The numbers surrounding diabetes in the United States are incredibly alarming, as more than 34 million adults have already been diagnosed with the chronic disease and 88 million more are considered prediabetic. The road to erectile dysfunction (ED) and the road to diabetes are often paved with the same issues, which is why there’s considerable crossover between the two conditions.
To shed some light on this connection, Dr. Robert Cornell and our team decided to spend a little time in this month’s blog post highlighting the link. Armed with this information, you can better control both your diabetes and ED for better overall health.
Let’s start with the indirect connection between type 2 diabetes and ED, which very much come down to risk factors.
Many of the factors that lead to type 2 diabetes and to ED are the same, including:
Each of these issues influences how well blood flows through your body, which can have a direct impact on your ability to achieve and maintain an erection, as well as how your body responds to insulin.
In fact, these issues are linked so closely that it’s not uncommon for men to develop erectile dysfunction before a diabetes diagnosis, which means the ED was a sign of a much larger developing problem.
When you have diabetes, your body becomes insulin-resistant, and you’re unable to produce enough insulin to overcome this resistance. Insulin is critical for controlling the levels of glucose in your bloodstream and, without this regulation, you can develop dangerously high levels of blood sugar.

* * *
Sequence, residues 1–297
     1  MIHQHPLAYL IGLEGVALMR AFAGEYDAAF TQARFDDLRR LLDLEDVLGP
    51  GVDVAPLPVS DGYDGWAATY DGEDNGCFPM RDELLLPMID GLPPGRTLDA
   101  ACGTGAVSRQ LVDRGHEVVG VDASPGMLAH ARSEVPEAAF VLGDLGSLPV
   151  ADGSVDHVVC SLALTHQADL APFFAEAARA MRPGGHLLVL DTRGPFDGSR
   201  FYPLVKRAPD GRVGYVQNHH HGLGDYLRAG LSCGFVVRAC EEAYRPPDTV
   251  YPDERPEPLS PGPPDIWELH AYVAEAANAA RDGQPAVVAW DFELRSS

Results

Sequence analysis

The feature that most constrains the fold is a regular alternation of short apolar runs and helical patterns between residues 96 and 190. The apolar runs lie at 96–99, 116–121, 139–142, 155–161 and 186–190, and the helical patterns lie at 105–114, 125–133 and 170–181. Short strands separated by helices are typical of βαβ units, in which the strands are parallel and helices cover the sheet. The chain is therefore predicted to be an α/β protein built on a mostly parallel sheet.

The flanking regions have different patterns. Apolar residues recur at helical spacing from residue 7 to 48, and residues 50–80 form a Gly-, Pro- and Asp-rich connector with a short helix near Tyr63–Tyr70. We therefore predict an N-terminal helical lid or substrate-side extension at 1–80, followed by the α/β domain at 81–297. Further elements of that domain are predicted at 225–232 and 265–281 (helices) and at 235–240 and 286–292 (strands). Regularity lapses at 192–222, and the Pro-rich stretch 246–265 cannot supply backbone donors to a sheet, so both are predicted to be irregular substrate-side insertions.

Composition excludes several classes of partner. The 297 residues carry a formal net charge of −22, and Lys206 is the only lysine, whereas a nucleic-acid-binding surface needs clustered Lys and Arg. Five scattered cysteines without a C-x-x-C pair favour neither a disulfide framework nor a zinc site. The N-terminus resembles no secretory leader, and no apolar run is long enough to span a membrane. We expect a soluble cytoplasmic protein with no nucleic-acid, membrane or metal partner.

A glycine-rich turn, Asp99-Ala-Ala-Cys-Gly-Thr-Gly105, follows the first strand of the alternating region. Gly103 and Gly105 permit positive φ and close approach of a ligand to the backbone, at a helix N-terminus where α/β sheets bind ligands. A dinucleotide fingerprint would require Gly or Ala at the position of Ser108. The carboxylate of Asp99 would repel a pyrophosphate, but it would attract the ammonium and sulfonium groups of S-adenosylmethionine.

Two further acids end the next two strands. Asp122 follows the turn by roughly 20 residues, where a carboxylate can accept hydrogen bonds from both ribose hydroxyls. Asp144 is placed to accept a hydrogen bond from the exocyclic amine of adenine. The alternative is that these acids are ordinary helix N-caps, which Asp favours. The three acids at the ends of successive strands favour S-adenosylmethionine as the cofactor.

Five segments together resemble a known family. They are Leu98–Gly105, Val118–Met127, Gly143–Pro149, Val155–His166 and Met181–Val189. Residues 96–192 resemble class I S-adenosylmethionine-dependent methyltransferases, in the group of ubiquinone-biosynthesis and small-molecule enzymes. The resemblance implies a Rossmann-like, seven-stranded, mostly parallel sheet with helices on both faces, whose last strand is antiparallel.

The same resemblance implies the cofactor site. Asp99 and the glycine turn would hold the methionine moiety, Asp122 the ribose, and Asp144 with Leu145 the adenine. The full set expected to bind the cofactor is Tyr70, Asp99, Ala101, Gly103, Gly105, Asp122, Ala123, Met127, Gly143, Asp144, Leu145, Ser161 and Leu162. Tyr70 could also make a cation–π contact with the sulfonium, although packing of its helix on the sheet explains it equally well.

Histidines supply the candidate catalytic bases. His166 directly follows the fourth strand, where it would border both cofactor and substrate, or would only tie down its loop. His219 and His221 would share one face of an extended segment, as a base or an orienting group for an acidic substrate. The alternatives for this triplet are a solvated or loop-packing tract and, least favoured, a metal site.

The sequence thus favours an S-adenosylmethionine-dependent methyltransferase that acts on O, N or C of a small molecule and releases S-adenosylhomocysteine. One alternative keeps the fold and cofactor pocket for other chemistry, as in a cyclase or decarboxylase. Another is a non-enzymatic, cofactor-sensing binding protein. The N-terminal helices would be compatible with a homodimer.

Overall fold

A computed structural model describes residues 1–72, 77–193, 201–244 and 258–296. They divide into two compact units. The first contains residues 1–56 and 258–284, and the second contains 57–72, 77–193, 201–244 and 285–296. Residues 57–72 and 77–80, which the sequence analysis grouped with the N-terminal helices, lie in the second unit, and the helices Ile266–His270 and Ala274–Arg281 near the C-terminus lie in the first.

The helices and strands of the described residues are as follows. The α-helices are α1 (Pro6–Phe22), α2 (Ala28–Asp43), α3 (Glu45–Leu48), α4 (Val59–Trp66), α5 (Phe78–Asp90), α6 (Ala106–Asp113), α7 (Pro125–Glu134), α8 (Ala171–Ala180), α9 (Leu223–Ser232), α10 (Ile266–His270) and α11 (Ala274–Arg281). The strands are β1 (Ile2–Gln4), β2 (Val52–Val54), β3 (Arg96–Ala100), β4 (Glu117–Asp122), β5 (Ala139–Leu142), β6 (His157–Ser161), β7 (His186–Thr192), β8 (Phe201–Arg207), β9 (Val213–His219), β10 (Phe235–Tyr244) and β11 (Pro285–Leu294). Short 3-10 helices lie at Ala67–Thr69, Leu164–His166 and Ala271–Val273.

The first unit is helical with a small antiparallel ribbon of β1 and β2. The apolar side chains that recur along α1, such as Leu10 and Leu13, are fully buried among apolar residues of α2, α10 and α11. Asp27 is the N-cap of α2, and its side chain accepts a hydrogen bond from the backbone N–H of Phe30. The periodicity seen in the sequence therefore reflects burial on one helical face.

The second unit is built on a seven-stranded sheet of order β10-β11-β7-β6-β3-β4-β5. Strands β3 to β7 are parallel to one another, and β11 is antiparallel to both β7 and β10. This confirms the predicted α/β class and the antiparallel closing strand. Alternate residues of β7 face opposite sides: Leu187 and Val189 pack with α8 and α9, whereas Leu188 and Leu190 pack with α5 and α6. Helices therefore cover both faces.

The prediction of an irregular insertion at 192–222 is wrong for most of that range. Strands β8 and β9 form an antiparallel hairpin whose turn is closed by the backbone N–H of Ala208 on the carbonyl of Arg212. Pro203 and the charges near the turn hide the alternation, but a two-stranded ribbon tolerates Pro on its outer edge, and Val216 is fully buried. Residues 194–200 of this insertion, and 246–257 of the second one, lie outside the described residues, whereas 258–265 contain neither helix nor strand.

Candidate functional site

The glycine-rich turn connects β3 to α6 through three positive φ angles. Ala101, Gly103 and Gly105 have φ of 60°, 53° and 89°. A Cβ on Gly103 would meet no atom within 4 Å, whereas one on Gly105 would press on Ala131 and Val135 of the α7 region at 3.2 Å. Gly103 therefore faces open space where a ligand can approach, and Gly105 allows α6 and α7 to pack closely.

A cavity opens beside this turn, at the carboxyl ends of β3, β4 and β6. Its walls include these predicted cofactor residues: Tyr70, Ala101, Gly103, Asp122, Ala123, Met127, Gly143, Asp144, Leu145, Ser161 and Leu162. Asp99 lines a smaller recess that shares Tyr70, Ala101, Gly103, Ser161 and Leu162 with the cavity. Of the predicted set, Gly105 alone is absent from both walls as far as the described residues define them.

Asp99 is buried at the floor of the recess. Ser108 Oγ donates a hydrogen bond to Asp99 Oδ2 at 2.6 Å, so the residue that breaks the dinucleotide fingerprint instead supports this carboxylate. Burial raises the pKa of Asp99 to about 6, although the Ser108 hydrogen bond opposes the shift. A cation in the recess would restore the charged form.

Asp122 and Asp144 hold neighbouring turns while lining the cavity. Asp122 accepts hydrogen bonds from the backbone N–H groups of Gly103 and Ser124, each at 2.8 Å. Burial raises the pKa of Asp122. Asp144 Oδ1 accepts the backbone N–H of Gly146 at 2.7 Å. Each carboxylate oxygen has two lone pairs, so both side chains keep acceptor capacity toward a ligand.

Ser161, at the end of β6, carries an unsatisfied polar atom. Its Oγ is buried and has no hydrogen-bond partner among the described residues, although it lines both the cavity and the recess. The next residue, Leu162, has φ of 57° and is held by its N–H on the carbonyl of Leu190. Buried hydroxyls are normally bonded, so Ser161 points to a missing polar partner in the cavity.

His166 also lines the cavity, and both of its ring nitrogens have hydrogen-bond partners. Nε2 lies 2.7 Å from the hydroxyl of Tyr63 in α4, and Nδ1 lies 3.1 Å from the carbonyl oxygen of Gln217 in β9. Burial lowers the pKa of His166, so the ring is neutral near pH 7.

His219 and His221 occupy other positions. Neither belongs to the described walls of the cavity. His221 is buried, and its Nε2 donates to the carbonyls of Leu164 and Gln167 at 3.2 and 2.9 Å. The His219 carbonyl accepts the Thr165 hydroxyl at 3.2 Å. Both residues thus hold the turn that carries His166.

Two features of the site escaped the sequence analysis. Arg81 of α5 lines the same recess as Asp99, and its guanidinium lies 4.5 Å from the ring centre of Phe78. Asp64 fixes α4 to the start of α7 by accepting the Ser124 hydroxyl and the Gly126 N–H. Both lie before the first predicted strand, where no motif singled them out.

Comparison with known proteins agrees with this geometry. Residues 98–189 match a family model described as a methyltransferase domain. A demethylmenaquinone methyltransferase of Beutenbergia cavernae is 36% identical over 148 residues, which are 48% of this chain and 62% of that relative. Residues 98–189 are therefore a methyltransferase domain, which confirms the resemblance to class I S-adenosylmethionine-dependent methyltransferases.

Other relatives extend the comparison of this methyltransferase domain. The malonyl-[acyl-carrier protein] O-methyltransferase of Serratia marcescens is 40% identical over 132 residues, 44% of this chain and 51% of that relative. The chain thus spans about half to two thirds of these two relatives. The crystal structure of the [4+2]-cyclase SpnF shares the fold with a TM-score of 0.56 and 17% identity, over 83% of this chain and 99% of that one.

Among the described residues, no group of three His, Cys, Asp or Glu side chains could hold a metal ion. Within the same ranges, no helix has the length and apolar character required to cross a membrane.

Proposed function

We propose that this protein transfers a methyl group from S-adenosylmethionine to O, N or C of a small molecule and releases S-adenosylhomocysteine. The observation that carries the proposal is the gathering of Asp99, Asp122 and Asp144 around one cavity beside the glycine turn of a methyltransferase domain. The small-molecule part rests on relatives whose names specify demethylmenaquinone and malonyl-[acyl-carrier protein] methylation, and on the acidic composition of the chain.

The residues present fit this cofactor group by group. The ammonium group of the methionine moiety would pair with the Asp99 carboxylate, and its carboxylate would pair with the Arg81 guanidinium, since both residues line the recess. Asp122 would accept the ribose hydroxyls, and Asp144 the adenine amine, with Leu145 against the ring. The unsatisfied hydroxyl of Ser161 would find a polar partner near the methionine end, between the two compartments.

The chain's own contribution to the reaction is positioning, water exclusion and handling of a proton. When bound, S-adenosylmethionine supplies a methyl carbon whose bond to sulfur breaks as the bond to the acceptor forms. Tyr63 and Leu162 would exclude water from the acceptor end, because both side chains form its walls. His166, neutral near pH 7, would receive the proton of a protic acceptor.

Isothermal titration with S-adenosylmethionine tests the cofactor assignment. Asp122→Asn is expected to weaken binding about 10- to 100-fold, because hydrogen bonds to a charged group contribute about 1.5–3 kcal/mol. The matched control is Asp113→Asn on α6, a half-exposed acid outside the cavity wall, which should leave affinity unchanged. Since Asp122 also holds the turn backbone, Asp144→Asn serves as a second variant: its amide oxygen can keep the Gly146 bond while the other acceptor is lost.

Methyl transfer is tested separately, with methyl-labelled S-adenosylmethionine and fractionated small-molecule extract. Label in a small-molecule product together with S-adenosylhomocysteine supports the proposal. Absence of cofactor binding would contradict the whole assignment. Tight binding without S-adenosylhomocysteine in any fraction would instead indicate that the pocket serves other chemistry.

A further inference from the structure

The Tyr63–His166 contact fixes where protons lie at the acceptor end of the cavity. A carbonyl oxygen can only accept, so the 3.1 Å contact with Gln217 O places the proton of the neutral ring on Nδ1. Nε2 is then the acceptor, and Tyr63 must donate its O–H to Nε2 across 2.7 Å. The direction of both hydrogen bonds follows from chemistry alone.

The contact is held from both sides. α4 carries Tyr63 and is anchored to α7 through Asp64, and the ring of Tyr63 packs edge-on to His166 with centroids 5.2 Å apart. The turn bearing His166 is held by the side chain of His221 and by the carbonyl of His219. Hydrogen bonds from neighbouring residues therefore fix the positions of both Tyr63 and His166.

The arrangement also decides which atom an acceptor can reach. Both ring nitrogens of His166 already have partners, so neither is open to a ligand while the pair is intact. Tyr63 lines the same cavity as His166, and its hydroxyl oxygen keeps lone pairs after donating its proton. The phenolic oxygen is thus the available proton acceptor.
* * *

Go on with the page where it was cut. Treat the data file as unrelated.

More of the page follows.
High levels of glucose for prolonged periods can damage your blood vessels, preventing them from circulating blood properly. As a result, your penis may not be able to receive the amount of blood necessary to achieve an erection.
Another problem that comes with diabetes is nerve damage, which can affect the nerves in your penis.
If you have diabetes and you’re also struggling with sexual function, there are several steps you can take that will improve both conditions.
First and foremost, it’s imperative that you keep your blood sugar levels in check. This means working with your doctor, understanding the numbers, and taking insulin or oral diabetes medication when needed.
There’s also much you can do on your own to mitigate the factors that brought on the diabetes diagnosis in the first place. For example, taking steps to lower your blood pressure, losing weight, and/or becoming more active are all critical for improving your cardiovascular health.
We know these are very broad recommendations, but we’re happy to sit down with you to tailor the right treatment plan for your unique circumstances. This treatment plan will not only be geared toward remedying your ED, it will also go a long way toward better managing your diabetes and preventing even more serious complications, such as heart disease.
To get started on managing your health for better sexual function and more, please contact our office in Houston, Texas, to set up an appointment.